by Mary Jo
One of my allllll time favorite romances is/was Mary Jo Putney's The Rake and the Reformer aka The Rake. I love Reginald Davenport…he turned out to be quite a hero. My question for all wenches: How do you take a drunk/ licentious/ corrupt/ not-hero-material man and redeem him? And, when you're writing this character, do you recognize him as hero material? Or, does it come as a surprise when readers start wanting him as a hero?
MJP: I immediately grabbed this topic for a blog, but it's such a great question that other Wenches may pick it up for blogs of their own. For asking this question, Kay Spears will get a book from me.
Reggie Davenport made his debut in my very first Signet Regency, The Diabolical Baron. Since it was my first book, I was feeling my way and just wanted an antagonist for my hero, Richard, a Waterloo veteran who has learned that he's heir to the Wargrave earldom, a responsibility he isn't sure he wants. Reggie is his cousin who has long thought that he was the heir.
Reggie starts out as a typical Regency character, the hard drinking devil-may-care sportsman. The two end up together at Wargrave, where Richard is doing an inventory under a different name while trying to decide if he wants to claim his inheritance. They don't much like each other. At the end, Reggie frightens the gentle heroine, who is Richard's fiancée. Richard explodes and practically kills Reggie in an impromptu sword fight–and this is where things get interesting.
In defeat, Reggie displays a grace and unexpected humor that make him a more complex and intriguing character. I liked him and some readers thought he looked like a hero. When I thought about it, I realized that every time Reggie behaved badly (which was often), he was drunk. And that made him even more interesting to me because Regency heroes frequently drank heavily, with no consequences.
I wanted to see consequences. I'd also witnessed alcoholism and recovery at close range (as so many people have), so I decided that's what I wanted to inflict on Reggie: he deserved it. <G> (I will say that the finished book came as a considerable surprise to my editor since I hadn't mentioned alcoholism in my synopsis. Ooops. <G>)
So Reggie's journey begins with him as a jaded, cynical rake well on the way to perdition when his cousin Richard, now the Earl of Wargrave, gives him one last chance: the ownership of Strickland, the estate where Reggie grew up. Dimly recognizing how self-destructive his behavior has been, Reggie goes to Strickland and begins to build a new life for himself (one that includes the heroine, a very competent female steward named Alys Weston.)
Reggie's path to sobriety is familiar to many alcoholics. First he denies that he has a problem. Then he admits that he might have a problem, but he can control it. Then he realizes he can't control his drinking, which is the black moment when he breaks and must try to rebuild himself.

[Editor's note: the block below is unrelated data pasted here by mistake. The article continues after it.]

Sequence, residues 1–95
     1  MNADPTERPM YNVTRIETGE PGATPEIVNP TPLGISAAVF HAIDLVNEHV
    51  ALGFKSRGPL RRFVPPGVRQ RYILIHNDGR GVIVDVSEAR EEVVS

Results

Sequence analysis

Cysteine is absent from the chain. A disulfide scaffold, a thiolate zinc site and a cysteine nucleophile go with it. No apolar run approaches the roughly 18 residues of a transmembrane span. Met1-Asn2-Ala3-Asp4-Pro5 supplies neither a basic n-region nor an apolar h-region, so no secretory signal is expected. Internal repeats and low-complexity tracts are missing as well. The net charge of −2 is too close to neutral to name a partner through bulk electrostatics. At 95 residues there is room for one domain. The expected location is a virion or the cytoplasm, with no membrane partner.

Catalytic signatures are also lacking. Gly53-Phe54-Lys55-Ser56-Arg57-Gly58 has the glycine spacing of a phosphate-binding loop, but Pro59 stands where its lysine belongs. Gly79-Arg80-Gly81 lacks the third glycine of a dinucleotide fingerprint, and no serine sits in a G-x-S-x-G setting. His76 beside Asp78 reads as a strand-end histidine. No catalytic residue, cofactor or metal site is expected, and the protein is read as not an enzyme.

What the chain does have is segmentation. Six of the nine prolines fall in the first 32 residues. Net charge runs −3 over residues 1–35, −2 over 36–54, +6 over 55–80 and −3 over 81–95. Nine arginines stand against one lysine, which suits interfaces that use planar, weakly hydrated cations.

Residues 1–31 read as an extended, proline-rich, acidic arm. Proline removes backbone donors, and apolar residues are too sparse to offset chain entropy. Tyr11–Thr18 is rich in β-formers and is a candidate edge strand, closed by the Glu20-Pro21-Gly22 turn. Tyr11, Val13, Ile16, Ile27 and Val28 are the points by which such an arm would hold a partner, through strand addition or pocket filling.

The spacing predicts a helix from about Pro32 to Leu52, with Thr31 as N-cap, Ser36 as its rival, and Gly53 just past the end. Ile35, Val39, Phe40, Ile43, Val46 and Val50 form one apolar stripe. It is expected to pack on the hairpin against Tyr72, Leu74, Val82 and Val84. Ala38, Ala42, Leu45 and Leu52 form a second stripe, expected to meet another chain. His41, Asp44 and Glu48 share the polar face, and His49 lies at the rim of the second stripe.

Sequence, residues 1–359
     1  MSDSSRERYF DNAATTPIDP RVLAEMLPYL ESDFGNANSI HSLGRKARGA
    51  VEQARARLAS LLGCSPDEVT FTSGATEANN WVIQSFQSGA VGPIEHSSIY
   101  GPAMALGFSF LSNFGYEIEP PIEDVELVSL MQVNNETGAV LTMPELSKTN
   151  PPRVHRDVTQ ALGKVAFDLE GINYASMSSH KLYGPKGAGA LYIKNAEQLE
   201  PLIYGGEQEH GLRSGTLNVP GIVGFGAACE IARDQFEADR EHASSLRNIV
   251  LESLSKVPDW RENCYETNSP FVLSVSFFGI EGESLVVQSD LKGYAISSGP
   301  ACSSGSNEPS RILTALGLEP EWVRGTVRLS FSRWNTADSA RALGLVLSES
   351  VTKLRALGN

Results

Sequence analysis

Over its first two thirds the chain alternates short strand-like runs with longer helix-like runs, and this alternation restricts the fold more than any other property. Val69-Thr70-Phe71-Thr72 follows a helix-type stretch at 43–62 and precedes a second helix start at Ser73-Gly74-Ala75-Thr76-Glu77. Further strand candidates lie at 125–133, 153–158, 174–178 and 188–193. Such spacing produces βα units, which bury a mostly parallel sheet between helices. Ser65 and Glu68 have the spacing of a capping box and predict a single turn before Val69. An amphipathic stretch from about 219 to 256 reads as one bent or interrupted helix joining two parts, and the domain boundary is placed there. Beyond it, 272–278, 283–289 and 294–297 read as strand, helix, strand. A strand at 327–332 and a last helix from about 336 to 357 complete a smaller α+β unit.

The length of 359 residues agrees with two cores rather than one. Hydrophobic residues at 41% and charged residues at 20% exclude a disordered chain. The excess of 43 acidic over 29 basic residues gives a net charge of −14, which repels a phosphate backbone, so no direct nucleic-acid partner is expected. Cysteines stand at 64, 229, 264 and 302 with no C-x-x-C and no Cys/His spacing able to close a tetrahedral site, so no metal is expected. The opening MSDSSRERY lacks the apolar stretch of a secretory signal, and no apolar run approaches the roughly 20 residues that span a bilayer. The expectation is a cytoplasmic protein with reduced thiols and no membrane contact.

Anyone familiar with the Alcoholics Anonymous 12 Step Program will recognize how Reggie is living the steps Regency style. Ultimately he becomes sober and deeply self aware. Alys is supportive, but I made sure that she didn't become an enabler for Reggie's addiction.
Now to the specifics of transforming a villain into a hero:
1) "Save the cat!" This is the most important element to redeeming villains and is defined as the moment when a character does something that allows readers to see him as sympathetic and interesting. Reggie's save the cat moment is at the end of The Diabolical Baron when he behaves so well after Richard defeats him in their sword fight. That's when he shows that he isn't just a jerk: he's a man worth knowing better. In Reggie's own book, it became clear that he is a rescuer and some of his most shocking actions were to help people in need. He even rescues a herd dog so incompetent "she couldn't even herd geese." <G>
2) Make him more sinned against than sinning. Or put another way, to understand is to forgive. Reggie turns out to have had a very bad childhood, losing his whole family when he was a child, then being raised by his uncle the earl, who despised and mistreated him. The result was a very angry young man with a strong contrarian streak.
3) Show his pain and his struggles as he attempts to rebuild his life. Overcoming addiction is difficult, and that should be very clear. Reggie earns his new and better life. Show how people around him see him and appreciate him. By the end of The Rake, Reggie and his cousin Richard have become friends who support each other.
4) Show his care for others. Though Reggie is in love with Alys, he engineers a reconciliation between her and the long estranged father she loves even though he knows he'll lose her. Luckily, she realizes that he's being noble and cures him of that. <G>
What other villains have you enjoyed becoming heroes?